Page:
A Wakatipu man convicted of a $60,000 national sports tournament fraud says he’s sorry but wants people to stop hassling his family.
Facing music: Sevens fraudster Richie Anderson during sentencing in Queenstown District Court on Monday
Richie Anderson, sentenced in Queenstown District Court to 10 months’ home detention this week, tells Mountain Scene in his first interview if people have an issue with him to tell him directly.
“My two young sons, they’ve had a hard time at school and it’s got nothing to do with them. It comes from the parents – if their parents have got an issue then the issue is with me.
“Leave my family alone. I’m the one responsible, the buck stops here,” Anderson says.
Asked what was going through his mind as he was sentenced on Monday, Anderson says: “It hurt that I had hurt my family. But at the end of the day I did it, I’ve just got to accept the fact and continue. I’m just remorseful about it.”
Details of deception
Jan, 2009 – requested $11,289.40 booking commission refund from Mercure Resort be paid to him. It was to have been paid to the Sevens committee.
Dec, 2009 – used own credit card to pay $120,089.55 to Mercure Resort for player accommodation; invoiced Sevens committee for $129,428.
Jun-Dec, 2009 – used own credit card to pay $128,270 for air travel based on Air New Zealand spreadsheet; presented committee with spreadsheet showing $148,942.20 in travel charges and was reimbursed that amount.
Aug-Oct, 2010 – used own credit card to pay $108,903 for air travel; presented committee with a spreadsheet showing $130,034 in travel charges and was reimbursed that amount.
Source: Summary of facts released by Judge Turner
Anderson last month admitted three charges of deceiving the National Sevens tournament’s Queenstown organising committee whilst secretary between January, 2009, and October, 2010. His offending amounted to a
more than $62,000 fraud of the charity event.
Judge Michael Turner told Anderson, an ex-real estate agent and longtime rugby supporter and coach, his actions were a gross abuse of trust that only ceased when he was found out and confronted by committee members.
“You deprived sporting organisations within this area of funds that would have otherwise been received by them and used for the benefit of junior rugby clubs,” Judge Turner said.
The 51-year-old managed to avoid a prison sentence thanks to Judge Turner giving regard to his personal circumstances and lack of previous convictions.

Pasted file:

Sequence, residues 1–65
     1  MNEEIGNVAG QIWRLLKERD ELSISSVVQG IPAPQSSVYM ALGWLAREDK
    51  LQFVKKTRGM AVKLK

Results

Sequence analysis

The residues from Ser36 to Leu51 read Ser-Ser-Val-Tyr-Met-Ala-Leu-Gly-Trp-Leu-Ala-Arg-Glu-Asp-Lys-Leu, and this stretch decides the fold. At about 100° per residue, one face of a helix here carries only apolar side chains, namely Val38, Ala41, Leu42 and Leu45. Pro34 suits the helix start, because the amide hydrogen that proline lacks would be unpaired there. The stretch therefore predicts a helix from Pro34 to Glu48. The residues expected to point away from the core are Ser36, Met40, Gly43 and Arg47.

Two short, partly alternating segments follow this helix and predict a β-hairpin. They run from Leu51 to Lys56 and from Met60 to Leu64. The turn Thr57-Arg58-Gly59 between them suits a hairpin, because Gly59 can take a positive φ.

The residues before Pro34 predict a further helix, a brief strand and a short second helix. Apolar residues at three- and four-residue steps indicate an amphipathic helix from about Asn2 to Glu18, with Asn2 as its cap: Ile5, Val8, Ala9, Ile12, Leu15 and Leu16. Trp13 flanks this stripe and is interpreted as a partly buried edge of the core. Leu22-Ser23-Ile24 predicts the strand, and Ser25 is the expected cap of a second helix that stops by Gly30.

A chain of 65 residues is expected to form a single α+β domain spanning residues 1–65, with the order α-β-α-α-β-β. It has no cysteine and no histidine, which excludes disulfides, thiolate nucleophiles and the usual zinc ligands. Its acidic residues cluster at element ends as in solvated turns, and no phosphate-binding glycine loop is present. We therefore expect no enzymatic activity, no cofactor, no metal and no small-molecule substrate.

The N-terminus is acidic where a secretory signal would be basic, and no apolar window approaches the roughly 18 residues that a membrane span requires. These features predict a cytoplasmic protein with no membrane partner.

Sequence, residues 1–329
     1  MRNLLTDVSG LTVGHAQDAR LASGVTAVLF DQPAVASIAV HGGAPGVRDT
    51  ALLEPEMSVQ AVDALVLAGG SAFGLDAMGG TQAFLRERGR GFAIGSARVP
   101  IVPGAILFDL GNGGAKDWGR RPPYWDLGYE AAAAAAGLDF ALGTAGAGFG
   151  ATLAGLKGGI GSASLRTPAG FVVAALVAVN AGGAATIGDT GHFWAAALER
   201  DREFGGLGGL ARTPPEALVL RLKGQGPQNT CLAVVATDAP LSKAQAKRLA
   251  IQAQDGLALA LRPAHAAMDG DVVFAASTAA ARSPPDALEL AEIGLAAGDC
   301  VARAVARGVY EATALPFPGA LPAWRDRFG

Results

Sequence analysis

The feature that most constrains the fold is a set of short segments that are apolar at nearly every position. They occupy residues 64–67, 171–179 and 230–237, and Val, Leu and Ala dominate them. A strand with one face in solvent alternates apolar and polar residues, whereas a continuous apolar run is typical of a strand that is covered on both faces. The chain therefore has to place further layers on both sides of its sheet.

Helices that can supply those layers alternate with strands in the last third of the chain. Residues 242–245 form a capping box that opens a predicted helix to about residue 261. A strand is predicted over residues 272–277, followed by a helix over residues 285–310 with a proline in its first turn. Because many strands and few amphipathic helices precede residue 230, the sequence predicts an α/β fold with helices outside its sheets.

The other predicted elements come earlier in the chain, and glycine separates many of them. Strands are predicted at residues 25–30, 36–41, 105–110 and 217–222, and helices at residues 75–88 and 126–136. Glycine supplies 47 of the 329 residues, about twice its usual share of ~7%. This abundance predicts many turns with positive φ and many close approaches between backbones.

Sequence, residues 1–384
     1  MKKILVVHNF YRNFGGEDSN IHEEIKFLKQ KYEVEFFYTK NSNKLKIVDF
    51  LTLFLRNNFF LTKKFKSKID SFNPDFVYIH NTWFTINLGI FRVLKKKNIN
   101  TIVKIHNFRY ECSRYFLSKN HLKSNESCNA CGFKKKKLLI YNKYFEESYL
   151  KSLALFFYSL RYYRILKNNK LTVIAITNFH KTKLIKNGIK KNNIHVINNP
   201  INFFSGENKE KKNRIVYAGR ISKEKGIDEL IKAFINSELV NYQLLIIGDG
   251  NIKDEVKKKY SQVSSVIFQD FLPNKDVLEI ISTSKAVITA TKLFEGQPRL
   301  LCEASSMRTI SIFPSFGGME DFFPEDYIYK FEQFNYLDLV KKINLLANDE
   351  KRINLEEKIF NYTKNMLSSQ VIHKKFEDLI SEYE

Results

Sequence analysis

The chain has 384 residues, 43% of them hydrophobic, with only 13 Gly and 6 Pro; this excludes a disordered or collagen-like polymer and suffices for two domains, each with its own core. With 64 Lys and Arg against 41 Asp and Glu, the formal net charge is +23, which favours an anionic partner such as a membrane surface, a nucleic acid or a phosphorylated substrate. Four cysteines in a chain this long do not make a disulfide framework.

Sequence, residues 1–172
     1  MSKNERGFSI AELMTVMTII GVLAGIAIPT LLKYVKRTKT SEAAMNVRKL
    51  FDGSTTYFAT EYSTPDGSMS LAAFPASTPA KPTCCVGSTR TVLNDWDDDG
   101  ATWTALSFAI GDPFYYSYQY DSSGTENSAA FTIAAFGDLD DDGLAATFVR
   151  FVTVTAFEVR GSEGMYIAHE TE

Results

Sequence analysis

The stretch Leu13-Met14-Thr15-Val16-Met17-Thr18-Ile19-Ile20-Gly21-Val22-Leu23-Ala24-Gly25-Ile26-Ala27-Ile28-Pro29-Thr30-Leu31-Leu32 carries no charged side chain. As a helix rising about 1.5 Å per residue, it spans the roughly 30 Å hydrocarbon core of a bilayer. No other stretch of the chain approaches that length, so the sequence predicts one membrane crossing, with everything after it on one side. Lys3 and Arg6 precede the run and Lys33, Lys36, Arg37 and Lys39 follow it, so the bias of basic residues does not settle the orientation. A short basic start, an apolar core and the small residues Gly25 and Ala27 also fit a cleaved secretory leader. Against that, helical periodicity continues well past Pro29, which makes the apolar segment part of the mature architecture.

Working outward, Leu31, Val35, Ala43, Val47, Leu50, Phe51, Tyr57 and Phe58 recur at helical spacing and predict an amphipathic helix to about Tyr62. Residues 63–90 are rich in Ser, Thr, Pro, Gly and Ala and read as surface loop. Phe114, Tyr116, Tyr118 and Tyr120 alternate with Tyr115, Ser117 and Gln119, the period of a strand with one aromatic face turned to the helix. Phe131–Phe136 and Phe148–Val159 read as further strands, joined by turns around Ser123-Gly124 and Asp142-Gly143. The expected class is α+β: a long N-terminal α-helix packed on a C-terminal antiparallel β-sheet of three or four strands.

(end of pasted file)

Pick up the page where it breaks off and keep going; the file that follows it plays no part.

At a sentencing indication last month, Judge Turner said he wasn’t prepared to give any credit for remorse, as the deception was compounded by Anderson claiming his innocence to third parties after his arrest. Anderson’s lawyer Phena Byrne told the court this week not to overlook his good work in bringing the hugely popular Sevens to Queenstown 10 years ago, adding it was sad his recent behaviour overshadowed that.
Anderson, a local of 15 years, is now house-bound at Lake Hayes Estate where he’ll live with his sons, aged 11 and seven.
“I can’t even go to my mailbox. I’m confined [but] it’s better than going inside,” he says. “I’ve got my boys with me, my daughters close by and my grandson, my son-in-laws, inlaws and friends.”
Anderson says he’s unsure if he’ll stay in the Wakatipu long term.
“I really don’t know. My family’s here. It’s a beautiful part of the world to live in but again it’s a small town.”
Asked if he had anything to say to clubs deprived of funds, he said: “I’m sorry for everything I did in regards to hurting my family, so much. To the rugby clubs, well, you’ve got to understand how the structure works and what
they got – whether or not it would have made any difference to them receiving more, I’m not too sure.”
Sevens with Altitude chairman Clark Frew says that’s a crock.
“We donate the profit. Any money he stole came directly off our bottom-line profit,” Frew says.
“There was no Richie tax at the last tournament and the donations to clubs were doubled.”
In court, Judge Turner noted Anderson had approval to first pay for visiting Sevens teams’ flights and accommodation as it enabled him to earn airpoints.
“You met those costs in the first instance and then claimed reimbursement. On various occasions you claimed more from the committee than the actual costs incurred.”
So far, Anderson has repaid $13,700 and has a further $48,600 to go – which Turner ordered must be done within two years.
Anderson says: “You can judge me in two factions – what I’ve done for rugby in the community and what I’ve done now which has driven a big nail through that. Give me time, I’ll make amends.”
Asked how he’d spend his time at home, he says: “My driveway is 27.5 metres long, I can run up and down that a few times, I’ve got a punching bag in the garage.
“I’ve got a lawn to mow.”